In patients with low back pain who received limited or no chiropractic care, orthoses had little effect on pain and disability, according to recent study results.
“The purpose behind the study was to see if orthotics could extend the effectiveness of a chiropractic manipulation, which I had seen anecdotally with foot taping, and wanted to formalize in a randomized clinical trial,” Anthony L. Rosner, PhD, research director, International College of Applied Kinesiology, Shawnee Mission, Kan., told O&P Business News.
Conducted in the Logan College of Chiropractic research laboratory, the double-blinded study followed 38 patients, aged 24 years to 74 years, who had experienced at least a month of lower back pain and had not worn orthoses within the past year.
Participants were split into two cohorts and studied over 4 weeks, including five in-person chiropractic visits. The first group was fitted with custom orthoses, and the second group was given flat insoles, or shams, which offered no corrective configurations.
Post-chiropractic care, both the custom and sham orthotic groups reported a reduction in pain and discomfort, but the study failed to show any significant variations between the two groups, Rosner said.
“Both groups said the trial improved [physical discomfort], but the difference was not statistically or clinically significant,” he said. “The orthotics did not effectively extend the pain and disability scales that we measured for the manipulations that were administered.”
The treating chiropractor tested the gluteus maximus, popliteus, lower trapezius, middle deltoid and neck extensor muscles of each patient, and administered high-velocity, low-aptitude (HVLA) manipulations for spinal fixations.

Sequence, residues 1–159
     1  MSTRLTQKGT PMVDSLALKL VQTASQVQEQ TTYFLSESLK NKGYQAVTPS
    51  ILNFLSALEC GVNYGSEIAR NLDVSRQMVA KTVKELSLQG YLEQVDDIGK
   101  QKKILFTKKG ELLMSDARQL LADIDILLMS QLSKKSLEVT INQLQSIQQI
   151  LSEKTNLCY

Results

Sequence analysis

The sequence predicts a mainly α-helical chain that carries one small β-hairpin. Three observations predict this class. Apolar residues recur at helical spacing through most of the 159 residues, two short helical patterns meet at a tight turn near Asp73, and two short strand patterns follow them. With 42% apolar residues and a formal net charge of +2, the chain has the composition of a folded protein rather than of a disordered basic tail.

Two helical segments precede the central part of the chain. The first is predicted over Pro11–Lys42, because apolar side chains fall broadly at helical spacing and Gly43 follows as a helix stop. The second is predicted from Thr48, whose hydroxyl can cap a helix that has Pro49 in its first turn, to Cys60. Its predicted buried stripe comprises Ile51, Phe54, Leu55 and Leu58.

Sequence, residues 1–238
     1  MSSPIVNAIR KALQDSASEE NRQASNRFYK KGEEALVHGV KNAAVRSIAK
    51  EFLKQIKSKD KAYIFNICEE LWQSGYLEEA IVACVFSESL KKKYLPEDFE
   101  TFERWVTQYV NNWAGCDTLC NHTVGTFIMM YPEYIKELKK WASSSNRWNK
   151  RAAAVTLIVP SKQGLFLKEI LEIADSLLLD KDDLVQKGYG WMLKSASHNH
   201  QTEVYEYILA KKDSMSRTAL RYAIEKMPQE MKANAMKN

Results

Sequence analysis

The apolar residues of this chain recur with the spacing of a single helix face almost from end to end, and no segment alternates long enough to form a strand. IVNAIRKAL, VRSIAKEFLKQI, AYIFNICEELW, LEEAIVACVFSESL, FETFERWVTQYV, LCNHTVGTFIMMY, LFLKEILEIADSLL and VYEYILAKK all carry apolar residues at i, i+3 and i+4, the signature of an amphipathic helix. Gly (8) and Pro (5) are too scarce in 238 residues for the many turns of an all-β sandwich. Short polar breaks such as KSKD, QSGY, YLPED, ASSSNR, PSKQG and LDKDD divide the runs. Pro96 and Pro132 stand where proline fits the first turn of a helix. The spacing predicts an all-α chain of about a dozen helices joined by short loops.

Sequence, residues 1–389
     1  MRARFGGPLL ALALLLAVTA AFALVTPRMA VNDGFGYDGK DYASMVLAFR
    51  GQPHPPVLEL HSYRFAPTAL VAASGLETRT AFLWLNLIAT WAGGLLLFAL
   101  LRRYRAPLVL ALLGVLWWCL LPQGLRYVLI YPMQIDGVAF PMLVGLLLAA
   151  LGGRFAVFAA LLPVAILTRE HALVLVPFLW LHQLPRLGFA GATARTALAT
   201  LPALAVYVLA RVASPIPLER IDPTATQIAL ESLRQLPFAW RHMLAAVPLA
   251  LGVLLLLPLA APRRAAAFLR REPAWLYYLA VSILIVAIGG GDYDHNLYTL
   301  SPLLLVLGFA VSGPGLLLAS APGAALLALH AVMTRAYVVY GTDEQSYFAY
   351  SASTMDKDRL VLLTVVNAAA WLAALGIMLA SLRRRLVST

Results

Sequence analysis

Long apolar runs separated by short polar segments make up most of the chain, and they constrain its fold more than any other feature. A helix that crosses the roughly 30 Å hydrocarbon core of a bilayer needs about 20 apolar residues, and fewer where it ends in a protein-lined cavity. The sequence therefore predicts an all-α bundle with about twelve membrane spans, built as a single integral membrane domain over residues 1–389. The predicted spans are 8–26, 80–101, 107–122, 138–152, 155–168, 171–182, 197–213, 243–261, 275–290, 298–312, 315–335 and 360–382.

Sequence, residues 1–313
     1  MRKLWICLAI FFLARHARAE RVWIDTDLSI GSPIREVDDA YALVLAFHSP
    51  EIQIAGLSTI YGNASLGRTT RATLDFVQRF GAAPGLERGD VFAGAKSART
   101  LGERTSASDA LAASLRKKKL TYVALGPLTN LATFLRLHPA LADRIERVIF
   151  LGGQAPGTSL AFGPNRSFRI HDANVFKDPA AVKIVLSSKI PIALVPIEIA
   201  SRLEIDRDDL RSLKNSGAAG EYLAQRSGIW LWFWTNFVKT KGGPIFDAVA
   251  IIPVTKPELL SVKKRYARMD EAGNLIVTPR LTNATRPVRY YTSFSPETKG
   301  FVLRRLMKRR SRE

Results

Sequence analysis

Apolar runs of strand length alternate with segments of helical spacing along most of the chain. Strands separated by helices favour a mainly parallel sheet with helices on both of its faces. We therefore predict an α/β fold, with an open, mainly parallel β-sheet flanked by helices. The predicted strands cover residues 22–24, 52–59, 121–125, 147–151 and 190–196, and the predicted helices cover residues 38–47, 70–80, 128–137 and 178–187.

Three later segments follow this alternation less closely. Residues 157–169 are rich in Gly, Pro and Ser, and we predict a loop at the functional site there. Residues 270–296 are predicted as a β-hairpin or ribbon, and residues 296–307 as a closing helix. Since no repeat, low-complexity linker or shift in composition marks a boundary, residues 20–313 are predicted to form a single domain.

Testing also measured the number of weak muscles and number of spinal fixations in each patient, and administered the Roland-Morris disability index (RMS) to report lower back pain and disability, and the Quadruple Numerical Pain Rating Scale (NRS), which measures back pain according to four varying intensity scores.
Results showed improvement in each group for the NRS, RMS and decreased number of weak muscles. However, immediately after treatment, more than 75% of the decreases had been reversed.
“When the patients came back a few days later after the second, third and fourth visits, the number of weak muscles, number of fixations returned to almost the original value,” Rosner said.
While each group experienced this trend, differences between them were not significant, thus the clinical effectiveness of the orthotic devices could not be definitively demonstrated.
Rosner said the sham device, which was fabricated with a number of ridges, depressions and degree of cushioning, may have led to unintentional correction and caused limited variation. Two dimensional assessment may have also been a factor in insufficient customization of the orthoses. Other limitations included patient tolerance for daily orthosis wear and accurate self-assessment of patient pain.
Rosner said although the study provided key insights to lower back pain in patients and the orthotic correlation, there were a few caveats that should be considered for future studies.
“I am very interested to conduct a sequel to the trial with measurements of the duration and magnitude of load-bearing in each of the experimental groups, a more custom fitted orthotic device, and treatment periods that extend for longer than 1 month,” he said.
Since the initial study, the researchers have paired with a research facility and are looking for funding to proceed with further research. A method to determine how much time subjects are using the devices, a more sensitive NRS scale and a way to prolong beneficial effects of the orthoses will be explored. — by Shawn M. Carter
Disclosure: Rosner is a research director with the International College of Applied Kinesiology–USA and a consultant for Associated New Jersey Chiropractors.